Education was a focus in Bismarck this week. While some legislators are hitting the (bill) books on behalf of our kids, it seems others need to be taken to school. We aim to provide you with a current events lesson in this week’s edition of Capitol Letters (and just so you know we didn’t flunk spelling, we are aware letters are “capital” and assure you the title of this newsletter is a very deliberate, if not necessarily witty, play on words).
The Right Fights: Restoring cuts to schools in Native American communities
This session, we here at Capitol Letters have repeatedly stated the obvious: North Dakota is faced with great opportunity. The one-time harvest of our natural resources puts North Dakota in a position to entirely avoid the difficult choices other states have had to make in recent years when it comes to the fundamental priority of educating our kids.
So in this time of plenty, the changes made to the K-12 funding formula by the House fail to make the grade. Under its House amendments, HB 1319 shortchanges schools serving Native American schoolchildren throughout the state, reducing funds to reservation school districts by over $6 million relative to the amount they would receive under the executive budget. That’s a $2.5 million real-dollar cut from last year’s funding level. It is not the kind of subtraction our kids should be forced to learn, especially when these districts are bracing for the impact of the federal budget sequester.
To help, Senators Joan Heckaman and Richard Marcellais, respectively representing the people of the Spirit Lake Nation and Turtle Mountain Band of Chippewa Indians in the Senate, are working in a bipartisan fashion to provide an equitable K-12 funding formula that works for all North Dakota kids from White Shield to West Fargo, Stanley to Standing Rock, and all parts in between.
Joan and Richard aren’t looking to put legislators’ names on the board over the flawed formula. They’re just looking to make things right. We stand with Senators Heckaman and Marcellais as they work to provide equal educational opportunities to every inquisitive young mind in our state. It’s the right fight for North Dakota.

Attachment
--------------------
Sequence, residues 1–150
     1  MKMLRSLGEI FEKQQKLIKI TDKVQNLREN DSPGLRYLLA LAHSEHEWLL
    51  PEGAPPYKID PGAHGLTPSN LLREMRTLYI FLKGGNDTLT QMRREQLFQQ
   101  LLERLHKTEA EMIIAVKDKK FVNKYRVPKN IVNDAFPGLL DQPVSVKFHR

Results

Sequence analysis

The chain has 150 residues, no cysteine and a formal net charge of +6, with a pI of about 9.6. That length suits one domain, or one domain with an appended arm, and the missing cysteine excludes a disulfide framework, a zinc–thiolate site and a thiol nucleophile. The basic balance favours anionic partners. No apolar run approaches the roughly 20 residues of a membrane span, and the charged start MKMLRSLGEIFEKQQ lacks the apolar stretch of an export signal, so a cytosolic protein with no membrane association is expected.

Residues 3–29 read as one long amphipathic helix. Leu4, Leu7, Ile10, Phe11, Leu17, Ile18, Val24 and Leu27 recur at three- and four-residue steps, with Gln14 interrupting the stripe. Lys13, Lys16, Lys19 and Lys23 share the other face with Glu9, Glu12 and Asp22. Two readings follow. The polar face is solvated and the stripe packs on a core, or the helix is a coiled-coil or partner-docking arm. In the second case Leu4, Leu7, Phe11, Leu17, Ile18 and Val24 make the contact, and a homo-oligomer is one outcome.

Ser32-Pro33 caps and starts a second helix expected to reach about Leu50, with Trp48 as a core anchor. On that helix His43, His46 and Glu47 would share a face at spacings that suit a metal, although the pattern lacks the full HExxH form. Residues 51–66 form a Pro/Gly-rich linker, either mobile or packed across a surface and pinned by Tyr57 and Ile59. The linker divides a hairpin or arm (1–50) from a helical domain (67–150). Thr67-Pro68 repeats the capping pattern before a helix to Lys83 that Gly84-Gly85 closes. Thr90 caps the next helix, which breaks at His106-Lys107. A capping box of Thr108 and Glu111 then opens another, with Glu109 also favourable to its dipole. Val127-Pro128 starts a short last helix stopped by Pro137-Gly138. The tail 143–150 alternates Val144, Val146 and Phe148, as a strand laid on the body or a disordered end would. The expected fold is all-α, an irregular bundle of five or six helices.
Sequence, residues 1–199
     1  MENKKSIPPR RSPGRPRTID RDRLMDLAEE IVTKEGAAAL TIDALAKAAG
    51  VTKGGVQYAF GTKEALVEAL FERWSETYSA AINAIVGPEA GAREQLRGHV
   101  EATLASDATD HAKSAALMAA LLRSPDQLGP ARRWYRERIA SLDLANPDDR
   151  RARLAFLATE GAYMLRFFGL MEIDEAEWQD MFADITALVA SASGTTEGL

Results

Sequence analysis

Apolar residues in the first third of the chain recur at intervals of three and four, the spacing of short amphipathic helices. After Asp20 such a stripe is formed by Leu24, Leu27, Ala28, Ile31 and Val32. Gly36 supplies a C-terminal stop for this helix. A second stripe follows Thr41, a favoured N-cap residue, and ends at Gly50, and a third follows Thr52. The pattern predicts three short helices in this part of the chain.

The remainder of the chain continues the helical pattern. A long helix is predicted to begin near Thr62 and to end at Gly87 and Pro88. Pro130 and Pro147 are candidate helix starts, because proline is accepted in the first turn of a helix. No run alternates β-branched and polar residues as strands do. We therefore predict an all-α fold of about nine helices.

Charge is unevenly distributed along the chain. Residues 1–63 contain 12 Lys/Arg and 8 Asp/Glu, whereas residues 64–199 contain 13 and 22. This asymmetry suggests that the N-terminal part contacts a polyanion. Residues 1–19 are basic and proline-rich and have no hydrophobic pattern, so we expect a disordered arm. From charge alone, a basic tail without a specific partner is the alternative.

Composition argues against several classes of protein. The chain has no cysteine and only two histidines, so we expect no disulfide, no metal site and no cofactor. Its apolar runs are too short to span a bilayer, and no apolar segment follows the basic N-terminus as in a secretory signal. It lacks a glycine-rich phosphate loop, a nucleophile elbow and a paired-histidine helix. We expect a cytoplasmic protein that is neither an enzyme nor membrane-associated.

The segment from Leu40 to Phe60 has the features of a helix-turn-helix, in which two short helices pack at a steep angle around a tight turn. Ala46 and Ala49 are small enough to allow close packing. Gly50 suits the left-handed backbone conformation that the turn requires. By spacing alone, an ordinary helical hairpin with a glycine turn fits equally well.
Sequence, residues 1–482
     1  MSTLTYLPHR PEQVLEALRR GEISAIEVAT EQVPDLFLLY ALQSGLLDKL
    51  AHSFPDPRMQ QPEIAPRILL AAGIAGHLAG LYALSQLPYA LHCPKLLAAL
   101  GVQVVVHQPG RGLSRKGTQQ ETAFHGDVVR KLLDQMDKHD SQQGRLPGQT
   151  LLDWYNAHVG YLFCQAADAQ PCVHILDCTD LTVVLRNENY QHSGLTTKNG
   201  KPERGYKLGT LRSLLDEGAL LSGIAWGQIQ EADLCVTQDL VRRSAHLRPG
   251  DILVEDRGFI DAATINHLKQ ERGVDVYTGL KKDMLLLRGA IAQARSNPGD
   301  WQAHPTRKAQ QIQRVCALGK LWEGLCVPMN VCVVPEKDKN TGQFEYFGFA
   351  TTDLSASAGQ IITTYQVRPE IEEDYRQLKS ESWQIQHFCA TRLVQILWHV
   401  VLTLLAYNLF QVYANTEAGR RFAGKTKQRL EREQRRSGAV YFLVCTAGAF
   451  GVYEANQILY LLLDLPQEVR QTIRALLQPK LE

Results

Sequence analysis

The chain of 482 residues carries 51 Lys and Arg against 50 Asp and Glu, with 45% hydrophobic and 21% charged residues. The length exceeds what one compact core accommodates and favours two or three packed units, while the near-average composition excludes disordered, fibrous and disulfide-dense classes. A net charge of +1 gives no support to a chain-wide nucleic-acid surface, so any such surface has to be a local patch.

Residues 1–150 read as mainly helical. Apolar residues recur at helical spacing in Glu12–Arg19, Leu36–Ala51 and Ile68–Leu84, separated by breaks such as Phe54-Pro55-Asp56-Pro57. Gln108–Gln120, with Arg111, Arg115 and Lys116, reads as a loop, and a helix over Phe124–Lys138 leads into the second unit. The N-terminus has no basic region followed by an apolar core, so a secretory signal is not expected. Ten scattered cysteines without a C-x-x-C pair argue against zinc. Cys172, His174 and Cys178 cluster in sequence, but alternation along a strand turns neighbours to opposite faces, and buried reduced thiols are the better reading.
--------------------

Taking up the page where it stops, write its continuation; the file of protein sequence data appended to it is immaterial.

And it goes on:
Head-shaker of the week: Flip flopping on the future
As of Thursday, we were prepared to tout a bipartisan success with Senate passage of SCR 4026. Then came Friday, and now we’re shaking our heads.
This concurrent resolution, co-sponsored by one of the authors of Capitol Letters and group of pragmatic legislators from both parties, would create the “legacy scholarship fund.” Here’s how it would work if passed out of the Legislature and approved by voters: 1) $450 million from the state’s legacy fund would be set aside; 2) this principal, which could never be spent, would be prudently invested to generate a return; and 3) the return would fund merit-based scholarships for North Dakota’s best and brightest in perpetuity. Thus, a small fraction of our state’s one-time harvest of oil revenue would be permanently invested in our state’s most valuable natural resource: Highly-educated young people.
The approach is modeled after Wyoming’s Hathaway Scholarship Program, which has been providing access to higher education and economic opportunity in that state since the mid-2000s. It is working in practice there, and on Thursday the Senate seemed to think this was a pretty fine idea for North Dakota as well when it voted 25-21 to pass SCR 4026.
But not so fast. Today, Senator Tom Campbell (R – Grafton), moved that the Senate reconsider its passage of SCR 4026. Nearly all members of the majority who voted for the resolution Thursday flipped their votes Friday, resulting in the defeat of the resolution.
Sadly, that seems to be the way of things in the Legislature. Some of us want to focus on permanent investments in future generations. The majority? They seem, quite literally in the case of SCR 4026, hung up on what happened yesterday.
More next week
In honor of St. Patrick’s Day, we leave you with this Irish blessing:
May those that love us, love us.
For those that don’t love us,
May God turn their hearts.
And if he doesn’t turn their hearts,
May he turn their ankles,
So we’ll know them by their limping.
We hope you’re proud of the efforts of your Dem-NPL legislators here in Bismarck. And if not, we hope you’ll at least find a comfy ankle brace. Talk to you next week, keep the faith, and “like” us on Facebook.